Cohen is the first and, so far, only member of Trump’s circle during two years of investigations to go into open court and implicate him in a crime, though whether a president can be prosecuted under the Constitution is an open question.
In a possible sign of further trouble for the president, Cohen said he will continue cooperating with prosecutors, and one of his legal advisers said Cohen is also prepared to tell “all he knows” to Congress if asked.
At the sentencing, defense attorney Guy Petrillo pleaded for leniency for Cohen, saying, “He came forward to offer evidence against the most powerful person in our country.”
U.S. District Judge William H. Pauley III said the defendant deserved modest credit, but his assistance “does not wipe the slate clean.”
“Somewhere along the way Mr. Cohen appears to have lost his moral compass,” the judge said.
The judge also ordered Cohen to pay $1.39 million in restitution to the IRS, forfeit $500,000 and pay $100,000 in fines. He was ordered to report to prison March 6 and left court without comment.
The prison sentence was in line with what prosecutors asked for. Sentencing guidelines called for around four to five years, and the government asked in court papers that Cohen be given only a slight break.
The sentence was the culmination of a spectacular rise and fast fall of a lawyer who attached himself to the fortunes of his biggest client, helped him get elected president, then turned on him, cooperating with two interconnected investigations: one run by federal prosecutors in New York, the other by special counsel Robert Mueller, who is looking into Russia’s efforts to influence the presidential election.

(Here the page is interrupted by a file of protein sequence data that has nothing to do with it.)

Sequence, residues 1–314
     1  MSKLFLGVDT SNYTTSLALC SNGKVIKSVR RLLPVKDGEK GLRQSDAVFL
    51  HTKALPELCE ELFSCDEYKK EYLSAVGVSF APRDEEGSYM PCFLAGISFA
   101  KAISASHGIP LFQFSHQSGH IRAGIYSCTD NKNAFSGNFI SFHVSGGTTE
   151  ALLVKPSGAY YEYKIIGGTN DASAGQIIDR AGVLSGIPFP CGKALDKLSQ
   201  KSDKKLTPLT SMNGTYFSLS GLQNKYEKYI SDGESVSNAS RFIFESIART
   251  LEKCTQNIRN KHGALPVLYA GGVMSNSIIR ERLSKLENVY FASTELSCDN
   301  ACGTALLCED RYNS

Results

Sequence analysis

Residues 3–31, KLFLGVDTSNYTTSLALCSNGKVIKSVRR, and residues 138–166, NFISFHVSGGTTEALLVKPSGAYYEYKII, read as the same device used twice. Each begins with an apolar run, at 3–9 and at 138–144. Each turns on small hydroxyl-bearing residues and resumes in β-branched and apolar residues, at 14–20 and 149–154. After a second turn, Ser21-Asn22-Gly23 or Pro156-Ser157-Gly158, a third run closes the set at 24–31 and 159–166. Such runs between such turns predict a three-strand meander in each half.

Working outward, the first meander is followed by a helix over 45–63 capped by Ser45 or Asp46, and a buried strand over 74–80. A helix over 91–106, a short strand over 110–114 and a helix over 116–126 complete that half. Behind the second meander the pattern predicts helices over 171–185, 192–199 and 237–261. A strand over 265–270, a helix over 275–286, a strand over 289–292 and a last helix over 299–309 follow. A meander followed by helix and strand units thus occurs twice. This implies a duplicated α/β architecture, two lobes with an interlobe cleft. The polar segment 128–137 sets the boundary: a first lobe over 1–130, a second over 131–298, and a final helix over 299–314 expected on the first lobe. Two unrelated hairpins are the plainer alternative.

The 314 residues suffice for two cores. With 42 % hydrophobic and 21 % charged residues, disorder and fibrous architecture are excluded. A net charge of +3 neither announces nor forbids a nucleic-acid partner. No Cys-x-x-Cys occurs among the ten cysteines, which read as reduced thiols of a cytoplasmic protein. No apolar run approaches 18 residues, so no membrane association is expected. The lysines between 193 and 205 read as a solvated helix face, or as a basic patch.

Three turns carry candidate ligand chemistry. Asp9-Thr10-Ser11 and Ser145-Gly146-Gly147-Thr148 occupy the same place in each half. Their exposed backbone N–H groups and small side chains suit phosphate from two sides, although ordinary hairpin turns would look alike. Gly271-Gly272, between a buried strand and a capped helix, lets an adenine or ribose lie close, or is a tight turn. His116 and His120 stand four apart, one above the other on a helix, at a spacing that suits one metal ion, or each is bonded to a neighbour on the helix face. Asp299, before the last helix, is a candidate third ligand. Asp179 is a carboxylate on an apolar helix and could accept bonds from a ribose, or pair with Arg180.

Beyond the guilty pleas, it is unclear what Cohen has told prosecutors or what he has left to say, though one of Mueller’s prosecutors, Jeannie Rhee, said in court that Cohen has “provided consistent and credible information about core Russia-related issues under investigation.” Legal experts said Cohen could get his sentence reduced by cooperating.
In the hush-money case, Cohen arranged for American Media Inc., parent of the pro-Trump National Enquirer, to pay $150,000 to McDougal to buy and bury her story, according to prosecutors. Cohen also said he paid $130,000 to Daniels and was reimbursed by Trump’s business empire. Both payments were made during the heat of the 2016 campaign.